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23 March 2012

Curated Web

What is Curated Web? Why is curation on a rise nowadays? 
Well, let's first answer this question: Where is the Web Going?

User Experience
Nir Eyal - who is a behavioural engineer - wrote that "disruptive web innovation comes from changes in interface".
Foursquare, in a way or another, is not any different from Google Latitude when it comes to their basic functionality which is sharing your location with friends. So are Gmail vs Hotmail. Yet almost everyone I know uses Foursquare and Gmail, and I can't think of any of my friends who uses Latitude or still uses Hotmail.
What's Tumblr but yet another blogging platform, yet it almost kicks the ass of many of the existing platforms when it comes to the number of users and published content there.
Can you define Pinterest? Probably it's a mixture of a social-bookmarking service a la and something like 9Gag. Right? So why are some service on a rise while others are pretty dead, given they basically are doing the same thing?

I can't deny that marketing plays a big role in that. But also Interface and User Experience are the kings here. It's the user experience an applications gives to you that encourages you to interact more or less with it. Let me quote Nir Eyal one more time here.
The percentage of users creating content is a function of users’ ability. That is to say, the easier it is to create content the more people create it. But why should we care about content creation? Because content creation has exponential benefit to the community and is by definition how online media platforms succeed.

And that's why Design Thinking is on a rise, which Paula Thornton defined as, "Design thinking is not about solving design problems, it’s about solving problems with design".

The Web is Fragmented
But the ease of creating new content comes at an expense. There is too much content nowadays, and it makes our lives harder to find the useful needle in that social-media haystack.
The web is fragmented. That fragmentation gave rise to search. And it’s given rise to the role of social within finding.
The ‘finding’ problem exacerbates as content / product grows. Great examples of the problem: eBay, Amazon and iTunes have nearly unlimited inventory and are often painful to explore (for that precise reason).

Web 1.0 => Social Web => Curated Web
Nir Eyal continued to explain the idea in his blog:
That’s exactly the cry the founders of companies like Pinterest, Evernote and Tumblr are answering. These companies mark the dawn of what I call the Curated Web.
The Curated Web is characterized by a fundamentally different value to users than the social web. Whereas Web 1.0 was characterized by content published from one-to-many and social media was about easily creating and sharing content, from many-to-many, the curated web is about capturing and collecting only the content that matters, from many-to-one. Like all successive phases, the curated web is a response to the weaknesses of the previous phase.
What does this mean? Where do those curators come from?
In her blog post, Lauren Picarello defined three categories of content curation, however I'd like to focus on two of them here:
Consumers as curators: Everything is curated now. We view the world through filters – trusted sources like friends or online communities to which we belong. ‘I want to look at topic X through your lens because you are someone I trust.’

Brands as content: This one is simple. Consumers use your brands to express themselves.Therefore brands have to provide variety and portability if they want to show up in their customers’ content stream. By allowing people access to the raw material of your brand, they can better identify with your products and amplify your messages.For example, many consumers “Like” brands on Facebook because they want that particular brand to show up as part of their profile. In a sense, ‘brands as content’ is why social media has been able to become such a force in our everyday lives.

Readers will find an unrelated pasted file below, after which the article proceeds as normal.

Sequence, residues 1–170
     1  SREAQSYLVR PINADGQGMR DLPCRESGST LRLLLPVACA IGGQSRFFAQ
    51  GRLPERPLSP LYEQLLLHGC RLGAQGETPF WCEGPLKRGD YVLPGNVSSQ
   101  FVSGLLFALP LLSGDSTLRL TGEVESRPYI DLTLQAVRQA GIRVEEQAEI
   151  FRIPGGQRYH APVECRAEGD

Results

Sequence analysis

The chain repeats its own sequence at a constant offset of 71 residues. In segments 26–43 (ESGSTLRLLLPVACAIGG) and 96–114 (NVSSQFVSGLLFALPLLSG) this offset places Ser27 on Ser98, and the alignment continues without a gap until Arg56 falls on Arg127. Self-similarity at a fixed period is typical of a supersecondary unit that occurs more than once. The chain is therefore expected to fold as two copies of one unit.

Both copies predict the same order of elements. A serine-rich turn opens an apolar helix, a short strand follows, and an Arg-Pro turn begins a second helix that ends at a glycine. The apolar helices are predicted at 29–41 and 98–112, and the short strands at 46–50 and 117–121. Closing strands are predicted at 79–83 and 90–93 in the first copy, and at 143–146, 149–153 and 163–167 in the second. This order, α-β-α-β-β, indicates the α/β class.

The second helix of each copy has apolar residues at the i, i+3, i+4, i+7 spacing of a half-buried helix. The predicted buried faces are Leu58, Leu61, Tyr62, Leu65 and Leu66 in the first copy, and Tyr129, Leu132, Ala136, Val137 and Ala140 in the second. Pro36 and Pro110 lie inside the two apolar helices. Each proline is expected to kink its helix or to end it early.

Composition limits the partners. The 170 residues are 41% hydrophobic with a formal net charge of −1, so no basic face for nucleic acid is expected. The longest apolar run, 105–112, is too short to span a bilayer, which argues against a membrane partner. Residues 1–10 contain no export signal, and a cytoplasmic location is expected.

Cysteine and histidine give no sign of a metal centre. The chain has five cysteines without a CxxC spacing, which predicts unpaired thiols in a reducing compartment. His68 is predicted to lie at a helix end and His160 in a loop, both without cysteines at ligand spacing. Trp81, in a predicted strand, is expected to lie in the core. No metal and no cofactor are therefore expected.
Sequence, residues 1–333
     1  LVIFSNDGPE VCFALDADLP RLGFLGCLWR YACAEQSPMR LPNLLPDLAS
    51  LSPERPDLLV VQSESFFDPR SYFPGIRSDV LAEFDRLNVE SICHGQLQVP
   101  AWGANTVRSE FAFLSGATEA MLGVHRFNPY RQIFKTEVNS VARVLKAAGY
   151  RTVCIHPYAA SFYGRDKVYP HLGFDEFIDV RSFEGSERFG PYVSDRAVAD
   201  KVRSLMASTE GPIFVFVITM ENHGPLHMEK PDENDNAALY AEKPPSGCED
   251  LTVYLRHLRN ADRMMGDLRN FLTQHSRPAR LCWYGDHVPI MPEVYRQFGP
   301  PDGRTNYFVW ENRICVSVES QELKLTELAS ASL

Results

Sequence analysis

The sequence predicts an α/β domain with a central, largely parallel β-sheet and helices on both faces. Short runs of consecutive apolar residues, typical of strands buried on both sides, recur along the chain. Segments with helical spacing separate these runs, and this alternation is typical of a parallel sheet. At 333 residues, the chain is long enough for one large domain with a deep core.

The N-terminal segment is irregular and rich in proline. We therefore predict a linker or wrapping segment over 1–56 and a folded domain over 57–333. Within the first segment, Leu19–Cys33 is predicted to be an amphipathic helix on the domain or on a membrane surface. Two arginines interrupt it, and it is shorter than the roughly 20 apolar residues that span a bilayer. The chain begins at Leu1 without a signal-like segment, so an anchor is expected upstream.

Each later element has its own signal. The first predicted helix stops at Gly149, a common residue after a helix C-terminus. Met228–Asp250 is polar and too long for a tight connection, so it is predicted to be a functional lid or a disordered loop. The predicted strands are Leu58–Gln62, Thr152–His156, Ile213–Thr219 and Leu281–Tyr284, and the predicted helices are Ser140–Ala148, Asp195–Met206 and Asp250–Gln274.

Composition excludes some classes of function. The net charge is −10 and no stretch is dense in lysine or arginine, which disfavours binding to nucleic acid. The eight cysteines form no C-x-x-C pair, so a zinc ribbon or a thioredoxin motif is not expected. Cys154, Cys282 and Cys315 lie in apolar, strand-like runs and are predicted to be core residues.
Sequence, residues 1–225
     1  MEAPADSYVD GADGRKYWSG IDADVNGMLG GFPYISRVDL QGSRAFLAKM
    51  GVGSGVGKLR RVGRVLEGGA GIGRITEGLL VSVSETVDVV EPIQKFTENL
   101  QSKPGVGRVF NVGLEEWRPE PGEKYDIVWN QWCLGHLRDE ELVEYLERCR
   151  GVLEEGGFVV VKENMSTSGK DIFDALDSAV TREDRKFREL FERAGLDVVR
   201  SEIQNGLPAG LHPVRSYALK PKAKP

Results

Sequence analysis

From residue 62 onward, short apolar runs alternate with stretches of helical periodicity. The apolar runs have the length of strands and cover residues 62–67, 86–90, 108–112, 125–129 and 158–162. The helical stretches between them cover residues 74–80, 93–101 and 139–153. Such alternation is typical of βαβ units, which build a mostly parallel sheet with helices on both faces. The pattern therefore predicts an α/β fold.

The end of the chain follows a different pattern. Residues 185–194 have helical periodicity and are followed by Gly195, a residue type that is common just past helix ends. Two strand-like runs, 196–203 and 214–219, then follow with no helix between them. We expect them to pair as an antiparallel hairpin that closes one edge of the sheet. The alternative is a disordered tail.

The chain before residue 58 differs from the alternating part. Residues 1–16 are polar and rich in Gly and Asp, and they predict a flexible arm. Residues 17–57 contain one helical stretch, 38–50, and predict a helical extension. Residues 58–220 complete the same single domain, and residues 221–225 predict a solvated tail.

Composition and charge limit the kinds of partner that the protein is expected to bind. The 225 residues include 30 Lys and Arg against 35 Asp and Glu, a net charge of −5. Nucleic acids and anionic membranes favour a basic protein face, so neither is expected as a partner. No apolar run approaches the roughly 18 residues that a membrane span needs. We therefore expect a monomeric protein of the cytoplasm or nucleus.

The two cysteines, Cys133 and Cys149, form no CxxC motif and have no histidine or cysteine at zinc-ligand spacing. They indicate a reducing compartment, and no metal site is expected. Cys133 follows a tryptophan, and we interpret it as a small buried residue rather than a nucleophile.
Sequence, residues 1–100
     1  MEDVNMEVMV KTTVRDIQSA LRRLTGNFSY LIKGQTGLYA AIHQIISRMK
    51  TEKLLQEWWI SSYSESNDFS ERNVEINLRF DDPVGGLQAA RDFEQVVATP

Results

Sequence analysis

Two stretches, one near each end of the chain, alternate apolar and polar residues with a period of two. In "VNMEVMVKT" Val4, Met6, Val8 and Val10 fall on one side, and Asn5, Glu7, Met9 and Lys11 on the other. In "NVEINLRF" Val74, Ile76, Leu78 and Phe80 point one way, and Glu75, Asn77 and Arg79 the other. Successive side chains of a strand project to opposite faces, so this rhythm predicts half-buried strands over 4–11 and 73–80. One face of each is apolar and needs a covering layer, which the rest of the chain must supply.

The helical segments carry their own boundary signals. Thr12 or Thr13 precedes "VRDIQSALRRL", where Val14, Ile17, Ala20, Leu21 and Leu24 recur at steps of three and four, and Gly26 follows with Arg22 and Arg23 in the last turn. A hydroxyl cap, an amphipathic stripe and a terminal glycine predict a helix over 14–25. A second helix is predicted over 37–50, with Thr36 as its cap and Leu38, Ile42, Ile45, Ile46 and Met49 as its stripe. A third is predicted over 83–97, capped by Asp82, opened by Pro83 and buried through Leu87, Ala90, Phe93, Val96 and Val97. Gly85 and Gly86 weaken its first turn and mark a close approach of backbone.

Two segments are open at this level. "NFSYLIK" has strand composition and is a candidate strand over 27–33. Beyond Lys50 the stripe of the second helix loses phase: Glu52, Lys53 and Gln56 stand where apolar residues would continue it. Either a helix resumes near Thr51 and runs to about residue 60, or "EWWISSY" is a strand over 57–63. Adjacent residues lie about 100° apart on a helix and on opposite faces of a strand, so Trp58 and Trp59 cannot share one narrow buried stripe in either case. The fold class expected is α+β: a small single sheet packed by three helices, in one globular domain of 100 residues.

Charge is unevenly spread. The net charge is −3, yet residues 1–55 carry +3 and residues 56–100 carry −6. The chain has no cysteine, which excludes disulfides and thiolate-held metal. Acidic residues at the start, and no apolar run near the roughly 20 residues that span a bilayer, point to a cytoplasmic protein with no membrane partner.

Is Curation the Next Big Thing? Does this mean the Web2.0 is dead?
Yuri Milner, a popular Russian Internet investor who has invested in Facebook, Groupon, and Zynga, says the next space he's looking at is Curation, "With the number of sources, and doubling of information every 18, 24 months [Moore's law]. I think the next big thing is curation".

But no, this doesn't mean that Web2.0 is dead, not at all. In fact those waves of trends are so overlapping that it's hard to tell when one of them starts and when one ends. Let's take twitter as an example, on one hand it's a sort of curation tool, where your friend read the news sources for you, filter the important ones and feed them into your timeline. But on the other hand, with the loads of tweets you get into your timeline, you need an extra layer of curation to aggregate only those important tweets to you. And this is where the likes of Storify and were born. I'll go into twitter and the curation trends there in more details later on, but what I wanted to say is that it's like layers of user-generated content and curation on top of each other, curation is a user-generated thing by the way. So neither Curation was born, nor Web2.0 is dead, we are just witnessing those layers of user-generated content and curation being added on top of each other day after day according to the consumers' needs.

Twitter Search Sucks!
Now let me end the post with some examples, and let's start with twitter. We all know how hard it is to find a tweet. Maggie McGary (@maggielmcg) who is online community & social media manager; gave an example to how hard it is to find tweets.
Take the tragedy in Haiti. Mainstream media is featuring Twitter as an integral part of the Red Cross's efforts to raise an amazing amount of money in record time and through previously untapped channels. So what happens a month or six months from now when a reporter is tasked with researching the total number of tweets containing the words "Haiti" or "Red Cross" in the weeks after the earthquake? I'll tell you what will happen: nothing, as in "no results," because those search results will be long gone.